PMCID: PMC2880173  PMID: 18553090
α-synuclein; clinicopathologic; glial cytoplasmic inclusion; multiple system atrophy; preclinical
12.  Amnesic Syndrome in a Mammillothalamic Tract Infarction 
Journal of Korean Medical Science  2007;22(6):1094-1097.
It is controversial whether isolated lesions of mammillothalamic tract (MTT) produce significant amnesia. Since the MTT is small and adjacent to several important structures for memory, amnesia associated with isolated MTT infarction has been rarely reported. We report a patient who developed amnesia following an infarction of the left MTT that spared adjacent memory-related structures including the anterior thalamic nucleus. The patient's memory deficit was characterized by a severe anterograde encoding deficit and retrograde amnesia with a temporal gradient. In contrast, he did not show either frontal executive dysfunction or personality change that is frequently recognized in the anterior or medial thalamic lesion. We postulate that an amnesic syndrome can develop following discrete lesions of the MTT.
PMCID: PMC2694637  PMID: 18162731
Amnesia; Cerebral Infarction; Mammillothalamic Tract
13.  One-Year Open-Label Study of Entacapone in Patients with Advanced Parkinson Disease 
Background and purpose
A carboxy-O-methyl transferase inhibitor entacapone has been introduced as an adjuvant drug for Parkinson disease (PD) patients. Although clinical trials reported beneficial role of entacapone, a long-term trial over 3 years failed to show significant effect. The goals of this study were to evaluate the clinical benefit and the efficacy of entacapone in an open clinical practice.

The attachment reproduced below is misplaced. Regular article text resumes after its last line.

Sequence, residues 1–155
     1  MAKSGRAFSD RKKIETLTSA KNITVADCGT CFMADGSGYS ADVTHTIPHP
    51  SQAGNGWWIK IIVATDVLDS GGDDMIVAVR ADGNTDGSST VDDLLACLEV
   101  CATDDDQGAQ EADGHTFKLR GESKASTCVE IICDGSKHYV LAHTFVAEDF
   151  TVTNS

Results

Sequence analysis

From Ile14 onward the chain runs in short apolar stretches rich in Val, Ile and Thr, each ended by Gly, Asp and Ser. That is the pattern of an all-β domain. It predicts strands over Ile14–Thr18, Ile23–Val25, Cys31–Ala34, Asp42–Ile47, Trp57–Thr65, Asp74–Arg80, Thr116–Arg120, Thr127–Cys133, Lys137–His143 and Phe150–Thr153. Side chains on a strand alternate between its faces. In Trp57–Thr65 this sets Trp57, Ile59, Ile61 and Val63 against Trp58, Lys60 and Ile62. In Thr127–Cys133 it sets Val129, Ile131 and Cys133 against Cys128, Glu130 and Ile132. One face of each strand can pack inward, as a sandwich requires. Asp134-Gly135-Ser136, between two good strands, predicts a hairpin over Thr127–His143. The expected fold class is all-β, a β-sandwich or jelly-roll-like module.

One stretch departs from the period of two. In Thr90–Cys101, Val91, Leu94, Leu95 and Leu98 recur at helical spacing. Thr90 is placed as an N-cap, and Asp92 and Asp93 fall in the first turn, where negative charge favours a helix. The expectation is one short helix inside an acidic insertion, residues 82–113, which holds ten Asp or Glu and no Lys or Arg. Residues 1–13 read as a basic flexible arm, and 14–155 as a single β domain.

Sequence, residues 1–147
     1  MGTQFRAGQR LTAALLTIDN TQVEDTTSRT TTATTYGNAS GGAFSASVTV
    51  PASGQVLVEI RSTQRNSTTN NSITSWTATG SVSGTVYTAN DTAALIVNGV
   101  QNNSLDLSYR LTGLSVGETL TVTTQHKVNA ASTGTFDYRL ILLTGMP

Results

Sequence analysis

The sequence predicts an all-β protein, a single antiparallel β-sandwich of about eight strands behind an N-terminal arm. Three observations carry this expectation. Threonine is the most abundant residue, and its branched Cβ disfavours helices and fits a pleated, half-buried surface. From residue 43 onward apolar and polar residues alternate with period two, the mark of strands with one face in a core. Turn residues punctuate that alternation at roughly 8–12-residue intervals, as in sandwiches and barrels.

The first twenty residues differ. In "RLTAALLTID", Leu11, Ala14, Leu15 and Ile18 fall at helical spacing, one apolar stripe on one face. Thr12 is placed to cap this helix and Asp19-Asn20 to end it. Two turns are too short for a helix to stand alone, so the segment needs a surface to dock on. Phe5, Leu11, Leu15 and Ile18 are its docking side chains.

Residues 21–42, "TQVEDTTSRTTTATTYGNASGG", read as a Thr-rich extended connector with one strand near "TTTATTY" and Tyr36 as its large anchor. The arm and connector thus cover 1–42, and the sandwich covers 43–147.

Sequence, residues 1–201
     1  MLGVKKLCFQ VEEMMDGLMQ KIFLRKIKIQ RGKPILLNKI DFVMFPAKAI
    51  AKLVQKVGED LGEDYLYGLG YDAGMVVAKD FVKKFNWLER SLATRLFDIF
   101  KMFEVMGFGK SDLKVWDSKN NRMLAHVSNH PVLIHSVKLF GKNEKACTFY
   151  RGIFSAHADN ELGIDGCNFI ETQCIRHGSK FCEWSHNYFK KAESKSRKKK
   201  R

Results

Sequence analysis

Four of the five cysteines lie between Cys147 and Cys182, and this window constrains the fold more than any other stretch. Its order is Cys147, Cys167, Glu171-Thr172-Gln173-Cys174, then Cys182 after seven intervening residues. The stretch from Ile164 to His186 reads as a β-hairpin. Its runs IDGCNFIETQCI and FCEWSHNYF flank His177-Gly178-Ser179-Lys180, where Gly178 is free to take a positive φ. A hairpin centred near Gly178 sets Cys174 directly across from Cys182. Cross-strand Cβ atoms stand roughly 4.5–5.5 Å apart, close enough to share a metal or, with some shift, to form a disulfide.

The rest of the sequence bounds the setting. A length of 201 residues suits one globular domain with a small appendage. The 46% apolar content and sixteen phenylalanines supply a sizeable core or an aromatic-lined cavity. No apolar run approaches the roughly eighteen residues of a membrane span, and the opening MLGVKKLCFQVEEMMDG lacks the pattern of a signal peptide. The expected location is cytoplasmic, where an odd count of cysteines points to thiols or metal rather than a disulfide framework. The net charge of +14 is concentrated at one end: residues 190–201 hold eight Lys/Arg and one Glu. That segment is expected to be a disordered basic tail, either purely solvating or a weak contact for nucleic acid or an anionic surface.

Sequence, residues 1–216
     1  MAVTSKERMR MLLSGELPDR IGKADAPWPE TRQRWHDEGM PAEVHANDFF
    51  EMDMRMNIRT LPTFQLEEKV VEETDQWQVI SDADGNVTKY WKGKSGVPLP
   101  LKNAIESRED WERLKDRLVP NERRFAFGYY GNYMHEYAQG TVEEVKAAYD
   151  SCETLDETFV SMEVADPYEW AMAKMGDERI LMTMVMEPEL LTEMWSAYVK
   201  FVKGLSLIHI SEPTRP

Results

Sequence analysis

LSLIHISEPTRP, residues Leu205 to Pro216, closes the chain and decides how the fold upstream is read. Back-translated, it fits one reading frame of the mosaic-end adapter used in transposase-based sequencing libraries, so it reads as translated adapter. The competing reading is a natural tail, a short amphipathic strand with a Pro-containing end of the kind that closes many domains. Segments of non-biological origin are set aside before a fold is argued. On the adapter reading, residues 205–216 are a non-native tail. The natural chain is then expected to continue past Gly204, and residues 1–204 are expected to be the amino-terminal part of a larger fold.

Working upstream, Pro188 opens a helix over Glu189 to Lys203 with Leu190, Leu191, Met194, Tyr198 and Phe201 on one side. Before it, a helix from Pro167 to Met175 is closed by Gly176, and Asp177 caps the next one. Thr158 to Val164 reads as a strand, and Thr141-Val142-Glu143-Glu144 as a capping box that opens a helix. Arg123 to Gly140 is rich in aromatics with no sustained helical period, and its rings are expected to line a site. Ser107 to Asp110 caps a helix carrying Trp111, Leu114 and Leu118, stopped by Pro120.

After the completion of a double-blind placebo-controlled entacapone study, 149 patients from 4 centers were included. Antiparkinsonian medications were optimized by the judgment of the neurologists in charge. The clinical global impression (CGI) scale was obtained at 6 months and 1 year after the initiation of entacapone treatment.
Of the 149 patients, 117 patients chose to try entacapone in an open-label fashion. Sixty-nine (59%) patients completed the 1-year trial. Twenty-nine patients discontinued entacpaone before 6 months, and 19 between 6 months and 1 year during trial. Twelve patients out of 48 patients discontinued entacapone because of its poor efficacy. The CGI scale was 3.9 (±1.5) at the beginning of the trial, 4.3 (±1.1) at 6 month, and 3.8 (±1.3) at 1 year, respectively. The CGI scale of those who discontinued between 6 month and 1 year was 3.4 (±1.7), which was worse, but insignificantly, than that of the continuer.
The dropout at 1 year of our study was very high at 41%. Even though entacapone is indicated for advanced PD patients with motor fluctuation, the fluctuators commonly have dyskinesia and mental symptoms, which can become more troublesome with entacapone. In the patients with advanced PD, the clinical efficacy and side effects should be carefully considered in a long-term use of entacapone.
PMCID: PMC2686863  PMID: 19513296
Parkinson disease; Entacapone; Long-term efficacy

Results 1-13 (13)